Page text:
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The Beast Must Die and Other Movies in Which Michael Gambon May or May Not Be a Werewolf

Beast Must Die - Darksky.jpg

A sort of Clue for the after-midnight set, The Beast Must Die assigns a well-heeled set of party guests (including actor Michael Gambon) the task of figuring out which one of them is a werewolf. Gambon is known for his intensity as an actor, so who’s to say wolf blood isn’t secretly running through his veins in his other movies? Here are a few possibilities:

The Cook, the Thief, His Wife, and Her Lover (1989)
In this diabolical classic, Gambon rages through an entire film as Albert Spica, a bestial mobster who insults, humiliates, and abuses every person he comes into contact with, especially his long-suffering wife, played by Helen Mirren. The barely-constrained bloodlust and carnal charm of this character really has me wondering if Mirren’s problems couldn’t have been solved with a silver bullet — and it would definitely put a strange spin on the cannibalistic final scene.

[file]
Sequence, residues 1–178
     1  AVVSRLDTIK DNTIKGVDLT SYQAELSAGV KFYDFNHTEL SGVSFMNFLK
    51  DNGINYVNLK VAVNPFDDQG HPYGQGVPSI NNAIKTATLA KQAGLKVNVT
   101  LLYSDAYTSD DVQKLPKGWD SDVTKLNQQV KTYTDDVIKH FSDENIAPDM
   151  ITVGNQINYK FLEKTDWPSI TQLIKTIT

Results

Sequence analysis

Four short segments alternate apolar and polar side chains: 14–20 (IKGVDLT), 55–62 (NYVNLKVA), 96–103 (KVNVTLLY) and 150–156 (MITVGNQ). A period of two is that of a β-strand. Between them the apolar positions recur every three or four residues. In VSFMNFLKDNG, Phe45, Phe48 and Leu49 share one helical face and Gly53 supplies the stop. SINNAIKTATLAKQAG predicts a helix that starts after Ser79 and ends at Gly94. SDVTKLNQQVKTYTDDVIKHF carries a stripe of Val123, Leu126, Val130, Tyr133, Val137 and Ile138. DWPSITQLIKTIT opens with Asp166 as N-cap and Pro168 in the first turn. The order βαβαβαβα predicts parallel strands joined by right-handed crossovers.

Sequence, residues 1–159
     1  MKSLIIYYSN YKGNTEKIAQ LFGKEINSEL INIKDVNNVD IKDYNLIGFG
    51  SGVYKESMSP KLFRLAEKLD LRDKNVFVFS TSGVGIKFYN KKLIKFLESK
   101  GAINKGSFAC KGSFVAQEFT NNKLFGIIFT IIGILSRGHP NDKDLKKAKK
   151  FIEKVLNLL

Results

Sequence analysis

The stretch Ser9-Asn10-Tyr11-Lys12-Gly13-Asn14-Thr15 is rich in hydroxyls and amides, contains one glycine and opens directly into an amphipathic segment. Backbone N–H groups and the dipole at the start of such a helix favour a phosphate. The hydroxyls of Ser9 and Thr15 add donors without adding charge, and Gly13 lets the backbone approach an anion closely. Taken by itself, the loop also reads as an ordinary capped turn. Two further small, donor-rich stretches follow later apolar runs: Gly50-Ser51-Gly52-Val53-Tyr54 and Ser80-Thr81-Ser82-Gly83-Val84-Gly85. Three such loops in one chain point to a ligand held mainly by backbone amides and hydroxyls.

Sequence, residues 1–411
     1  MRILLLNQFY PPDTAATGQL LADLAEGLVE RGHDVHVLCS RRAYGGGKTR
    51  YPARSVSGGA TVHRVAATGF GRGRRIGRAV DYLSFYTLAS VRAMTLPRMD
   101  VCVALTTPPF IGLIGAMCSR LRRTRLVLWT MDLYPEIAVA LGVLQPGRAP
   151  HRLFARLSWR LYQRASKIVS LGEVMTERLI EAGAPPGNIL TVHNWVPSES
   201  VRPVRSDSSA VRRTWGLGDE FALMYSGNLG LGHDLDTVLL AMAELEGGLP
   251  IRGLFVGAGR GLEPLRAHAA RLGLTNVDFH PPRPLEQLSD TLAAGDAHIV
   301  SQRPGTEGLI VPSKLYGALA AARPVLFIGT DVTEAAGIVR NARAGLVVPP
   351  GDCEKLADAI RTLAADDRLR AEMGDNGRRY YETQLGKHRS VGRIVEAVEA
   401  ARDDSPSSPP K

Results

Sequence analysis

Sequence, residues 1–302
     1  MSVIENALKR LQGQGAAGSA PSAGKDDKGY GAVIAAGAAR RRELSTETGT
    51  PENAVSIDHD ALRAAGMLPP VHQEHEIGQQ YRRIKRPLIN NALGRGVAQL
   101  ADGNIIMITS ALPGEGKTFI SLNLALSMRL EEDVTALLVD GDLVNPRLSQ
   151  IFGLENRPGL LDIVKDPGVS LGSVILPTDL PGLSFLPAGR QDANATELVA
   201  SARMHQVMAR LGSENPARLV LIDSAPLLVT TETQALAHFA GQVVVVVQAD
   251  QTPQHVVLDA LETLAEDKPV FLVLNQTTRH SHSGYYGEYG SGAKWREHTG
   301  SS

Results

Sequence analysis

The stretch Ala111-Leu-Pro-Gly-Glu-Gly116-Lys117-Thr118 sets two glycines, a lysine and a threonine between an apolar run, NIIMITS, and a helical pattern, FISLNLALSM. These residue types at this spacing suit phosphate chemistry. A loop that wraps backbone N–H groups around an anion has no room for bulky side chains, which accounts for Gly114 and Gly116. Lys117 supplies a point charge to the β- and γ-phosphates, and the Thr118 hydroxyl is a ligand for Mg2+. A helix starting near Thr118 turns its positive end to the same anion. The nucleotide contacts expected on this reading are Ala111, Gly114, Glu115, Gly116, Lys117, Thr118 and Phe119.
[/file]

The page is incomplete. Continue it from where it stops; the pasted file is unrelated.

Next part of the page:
Harry Potter and the Prisoner of Azkaban (2004)
Everyone
recalls that it was Professor Lupin who turned into a lean, mean,
werewolfin’ machine in the third Harry Potter movie, and there are only
three known werewolves in Rowling’s Harry Potter series. But
doesn’t Dumbledore look a little… different, this time around? Since
Gambon took the role after the death of Richard Harris, who’s to say
that the change didn’t have more arcane effects on the character’s
transformation? And considering the film’s black holes of continuity,
is there any proof that Lupin never laid a tooth on old Dumbledore?

Mary Reilly (1996)
While it’s John Malkovich’s hair-raising metamorphosis into Dr. Hyde
that’s meant to horrify us, the human monsters of Victorian England
steal the show. As the chambermaid Mary Reilly, Julia Roberts claims
her strange scars are the result of her father (a disgusting and
drunken Gambon) locking her in the cellar with rats when she was a
girl. But if it turned out that he’d bitten her himself, think of what
a better romantic pairing Roberts and Malkovich would be! The idea of a
ghoulish mad scientist strolling through the fog holding hands with a
furry (and very tall) she-beast is worth a sequel or two.

Brideshead Revisited (2008)
There’s really no
sign that Gambon’s portrayal of Lord Marchmain in the recent Evelyn
Waugh adaptation hides a ravenous man-eating monster, but pretending
there is might actually keep you awake during its two-hours-plus
running time.

For a complete schedule of The Beast Must Die on AMC, click here.

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